I couldn't imagine anything more fabulous than owning a book shop in a village in Burgundy, France. I met George at a going away party for Guy's colleagues, Tim and Kim, who were leaving Southern California and moving to Seattle. George arrived at the party alone and explained that his girlfriend had moved to the heart of France and was living the dream, operating a small book stand in a picturesque village where everyone knows everyone (imagine David Sedaris' life in France with Hugh). Although the couple only sees one another every few months (George travels a lot), he beamed as he recounted the ways this lifestyle is a happy one and really keeps him going:
1. Living apart makes them appreciate one another.
2. Separately, they have nearly grown children.
3. A quiet, romantic place to live out their years with a little business to keep them involved with tourists and neighbors.
Guy and I in Antibes last April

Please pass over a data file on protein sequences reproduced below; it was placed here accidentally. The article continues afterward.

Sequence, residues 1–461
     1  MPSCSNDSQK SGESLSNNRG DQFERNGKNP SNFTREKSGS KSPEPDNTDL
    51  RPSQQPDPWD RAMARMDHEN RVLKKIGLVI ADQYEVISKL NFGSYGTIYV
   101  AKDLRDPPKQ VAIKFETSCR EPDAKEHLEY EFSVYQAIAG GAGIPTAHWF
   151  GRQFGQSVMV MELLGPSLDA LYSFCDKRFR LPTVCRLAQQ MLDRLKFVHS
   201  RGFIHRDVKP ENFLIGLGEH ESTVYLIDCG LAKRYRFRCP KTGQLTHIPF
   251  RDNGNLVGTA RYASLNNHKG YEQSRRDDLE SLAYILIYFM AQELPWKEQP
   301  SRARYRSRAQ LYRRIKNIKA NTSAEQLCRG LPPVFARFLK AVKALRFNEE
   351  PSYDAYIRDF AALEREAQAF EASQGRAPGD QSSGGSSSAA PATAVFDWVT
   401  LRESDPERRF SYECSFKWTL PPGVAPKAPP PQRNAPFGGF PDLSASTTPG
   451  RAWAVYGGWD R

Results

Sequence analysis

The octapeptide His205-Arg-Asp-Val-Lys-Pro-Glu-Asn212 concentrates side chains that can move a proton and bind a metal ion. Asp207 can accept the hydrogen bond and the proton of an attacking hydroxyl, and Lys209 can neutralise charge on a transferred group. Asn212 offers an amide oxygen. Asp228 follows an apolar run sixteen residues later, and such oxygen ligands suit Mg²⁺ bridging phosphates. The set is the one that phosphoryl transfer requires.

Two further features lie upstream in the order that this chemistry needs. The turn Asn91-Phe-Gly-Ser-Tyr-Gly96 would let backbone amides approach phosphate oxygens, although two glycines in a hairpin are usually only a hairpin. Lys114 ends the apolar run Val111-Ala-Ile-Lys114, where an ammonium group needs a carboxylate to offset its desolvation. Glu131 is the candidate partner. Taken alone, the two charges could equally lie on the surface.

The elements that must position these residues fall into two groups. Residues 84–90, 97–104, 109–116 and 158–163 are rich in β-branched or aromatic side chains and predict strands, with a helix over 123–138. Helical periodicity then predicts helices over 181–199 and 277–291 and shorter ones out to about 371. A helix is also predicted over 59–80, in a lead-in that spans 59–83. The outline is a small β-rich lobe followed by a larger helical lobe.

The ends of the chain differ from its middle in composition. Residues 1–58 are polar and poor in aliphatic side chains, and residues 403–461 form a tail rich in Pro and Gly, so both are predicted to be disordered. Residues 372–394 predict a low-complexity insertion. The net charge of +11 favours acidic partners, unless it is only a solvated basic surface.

We drove home to Claremont and talked all the way about what it was like when we lived and worked apart over the years. It's true, we ALWAYS had the most fun scheming, planning and executing a way to be together (with or without kids) when we were separated by Guy's life at sea. Contemplating the changes in our life and moving around the country gave us much to think about on our drive. I took off my party clothes and went to sleep dreaming of the Bourgogne, wine, and macarons. I woke up the next morning with the holidays full on. Not giving much attention to skiing the les Alpes and living in France; but, thinking of Tim, Kim, and their little one moving in the heart of Winter to Seattle to be close to family - something I am more familiar with. Living in Seattle was sweet because we were close to family and friends, and experienced the unconventional style of living apart together.
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